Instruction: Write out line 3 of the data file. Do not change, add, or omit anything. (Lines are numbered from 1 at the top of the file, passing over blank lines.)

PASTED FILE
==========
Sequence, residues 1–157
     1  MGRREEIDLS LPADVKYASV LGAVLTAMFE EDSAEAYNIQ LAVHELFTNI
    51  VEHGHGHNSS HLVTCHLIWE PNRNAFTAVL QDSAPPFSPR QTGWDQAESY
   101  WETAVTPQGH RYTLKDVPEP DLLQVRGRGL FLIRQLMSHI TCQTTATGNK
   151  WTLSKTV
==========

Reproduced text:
    51  VEHGHGHNSS HLVTCHLIWE PNRNAFTAVL QDSAPPFSPR QTGWDQAESY